The most common advice I received when my daughter was born was to enjoy every moment I have with her — because those moments don’t last very long.
I spent the next year wading through dirty diapers and crawling through sleepless nights, wondering why anyone would miss such a thing.
But last month, as my wife and I helped our little girl pack her bags for her cross-country move, I realized exactly what those people were telling me.
With a suddenly silent house to live in, I kind of wished I had a few diapers to change, a crying baby to soothe or — dare I say it — some math homework to help with.
I still don’t know where the time went. It seems like just last month that I was walking hand-in-hand with her down the street as she wobbled on legs that were just learning to walk. Now, she’s tackling adulthood with the same determination she used to take those first steps.
At times, I wish I had her same bravery.
I was aware of the phenomenon of Empty Nest Syndrome long before my daughter left
In fact, I bought into the idea that this would revolutionize my life. Everyone said I’d suddenly have all of this extra time with no responsibilities. I’d be able to do anything I wanted to do, whenever I wanted to do it.
But, I had no idea just how hard it would be to say goodbye. In the days and weeks after she left, the worries only seemed to get worse. Did I teach her everything she’d need to know? Was she prepared to trade the small town in Florida where she’d spent her whole life for the traffic and congestion of Los Angeles? And what about all of that spare time that we now have that was supposed to be such a “blessing.” It felt a lot more boring than I expected.
I used some of that time researching Empty Nest Syndrome to make sure my feelings were normal. What I found were dozens of very reputable sites that were attributing the feelings of loneliness, depression and lack of self-worth to mothers. One even called it a “predominantly female syndrome.”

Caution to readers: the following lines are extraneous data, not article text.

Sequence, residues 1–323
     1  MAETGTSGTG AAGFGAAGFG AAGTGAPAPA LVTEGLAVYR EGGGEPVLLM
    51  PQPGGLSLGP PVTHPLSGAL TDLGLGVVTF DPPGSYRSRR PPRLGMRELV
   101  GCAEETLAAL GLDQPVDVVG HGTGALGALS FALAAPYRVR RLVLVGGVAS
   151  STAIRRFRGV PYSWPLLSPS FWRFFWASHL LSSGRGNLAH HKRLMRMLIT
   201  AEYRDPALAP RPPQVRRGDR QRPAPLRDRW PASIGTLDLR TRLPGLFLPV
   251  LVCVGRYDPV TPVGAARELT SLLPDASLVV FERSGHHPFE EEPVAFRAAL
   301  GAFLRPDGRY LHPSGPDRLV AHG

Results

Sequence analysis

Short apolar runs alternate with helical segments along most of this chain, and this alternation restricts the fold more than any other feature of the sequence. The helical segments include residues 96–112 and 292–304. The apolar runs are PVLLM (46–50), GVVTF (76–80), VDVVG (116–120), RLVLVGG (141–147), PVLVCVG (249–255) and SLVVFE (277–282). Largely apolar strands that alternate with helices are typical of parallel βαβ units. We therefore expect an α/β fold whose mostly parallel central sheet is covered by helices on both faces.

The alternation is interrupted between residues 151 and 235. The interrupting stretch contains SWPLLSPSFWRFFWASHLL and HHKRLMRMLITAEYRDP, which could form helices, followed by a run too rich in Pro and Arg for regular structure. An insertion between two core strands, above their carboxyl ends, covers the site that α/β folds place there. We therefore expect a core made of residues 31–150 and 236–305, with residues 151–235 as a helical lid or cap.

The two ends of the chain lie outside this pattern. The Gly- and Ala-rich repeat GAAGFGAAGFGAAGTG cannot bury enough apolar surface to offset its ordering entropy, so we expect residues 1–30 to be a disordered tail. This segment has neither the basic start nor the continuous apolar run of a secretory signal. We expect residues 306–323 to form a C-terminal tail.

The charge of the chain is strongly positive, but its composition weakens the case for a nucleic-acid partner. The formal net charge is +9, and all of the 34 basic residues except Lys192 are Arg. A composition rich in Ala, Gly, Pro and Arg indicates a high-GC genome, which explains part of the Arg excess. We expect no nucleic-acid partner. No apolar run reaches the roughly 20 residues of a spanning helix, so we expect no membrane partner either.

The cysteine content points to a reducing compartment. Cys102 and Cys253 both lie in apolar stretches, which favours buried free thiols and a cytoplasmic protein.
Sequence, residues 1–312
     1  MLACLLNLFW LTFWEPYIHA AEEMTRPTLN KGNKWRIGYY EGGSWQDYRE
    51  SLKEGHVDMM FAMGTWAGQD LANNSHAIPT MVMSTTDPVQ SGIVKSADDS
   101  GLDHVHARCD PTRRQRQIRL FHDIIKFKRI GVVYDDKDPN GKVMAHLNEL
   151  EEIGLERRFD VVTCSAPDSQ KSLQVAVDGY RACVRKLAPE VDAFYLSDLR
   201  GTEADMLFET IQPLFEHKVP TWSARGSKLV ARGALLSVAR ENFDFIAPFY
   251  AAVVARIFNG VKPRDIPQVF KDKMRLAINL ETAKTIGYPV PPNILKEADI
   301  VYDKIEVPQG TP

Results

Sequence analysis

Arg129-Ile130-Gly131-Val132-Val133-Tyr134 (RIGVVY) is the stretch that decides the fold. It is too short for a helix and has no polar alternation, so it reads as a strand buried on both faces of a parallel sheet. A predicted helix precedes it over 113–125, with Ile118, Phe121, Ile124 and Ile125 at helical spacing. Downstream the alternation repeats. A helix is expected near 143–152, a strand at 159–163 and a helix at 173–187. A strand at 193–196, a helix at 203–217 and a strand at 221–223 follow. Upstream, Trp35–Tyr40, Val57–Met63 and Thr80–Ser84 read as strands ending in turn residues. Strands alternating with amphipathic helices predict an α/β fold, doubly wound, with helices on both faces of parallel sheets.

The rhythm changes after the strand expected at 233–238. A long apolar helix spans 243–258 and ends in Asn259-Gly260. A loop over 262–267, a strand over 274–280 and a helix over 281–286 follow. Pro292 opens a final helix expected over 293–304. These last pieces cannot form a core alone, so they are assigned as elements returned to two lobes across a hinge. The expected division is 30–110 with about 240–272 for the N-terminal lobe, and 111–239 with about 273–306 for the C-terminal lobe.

Well, great, I thought. Now I’m lonely and less of a man.
That’s when I took to several social media platforms and spoke to other fathers. It turns out that not only was I not alone, but there are thousands of fathers, if not more, who have experienced, or are experiencing, the same thing.
One father reached out to me, saying that his son is only a few months from leaving home. He’s a wreck about it and didn’t want to say anything to anyone because he worried it’d make him look like a “pansy.”
These feelings are very real and, for some reason, most fathers don’t want to talk about it. I suspect it’s because of the stigma that some experts put on it by calling it a “female” syndrome.
Empty Nest Syndrome isn’t a clinical condition, but Psychology Today defines it as “a feeling of loneliness or sadness that occurs among parents after children grow up and leave home.”
That’s putting it mildly.
In the days, weeks and even months following a child leaving home, parents go through a transition period in which they may experience feelings of loneliness or loss. At times, the feeling can feel ironic, since we spend years teaching our children to be independent and take on new challenges. For me, it still feels like a “be careful what you wish for, because you just might get it” feeling.
Parents can also experience grief when their last child leaves the home because they now feel:
* A lack of an identity because their child is no longer at home
* A lack of control over their child’s actions or security
* Extreme grief and fear that their child may be gone “forever”
* Long periods of grief while reminiscing on memories
* Worry that you did not properly prepare your child for their next step
These feelings are perfectly natural and, like all things, subside in time. Each day gets a little easier for me, as I’m sure it does for most parents. Instead of focusing on the negative, I’m trying to remember the positive and feel confident that everything we’ve taught her will serve her well in her upcoming adventure.
No matter where you are in your parenting journey, there will one day come a time when your child spreads his or her wings and decides to leave the nest. Make sure to prepare your child for what’s to come, but also prepare yourself for the inevitable feelings of grief and sadness that you may experience.
Plan some outings. Prepare to kickstart a new hobby. Find some way to stay busy, knowing that it’s going to get better.
But, in the meantime, let me give you some advice that I once received. Enjoy every moment you have with your child. They don’t last long.
Author Bio:Ray FitzGerald is a long-time teacher of gifted (high IQ) elementary students in the U.S. After leaving the classroom, he now shares the life lessons that helped his students become high-achieving children and adults at RaiseALegend.com and on the weekly Raise a Legend Podcast.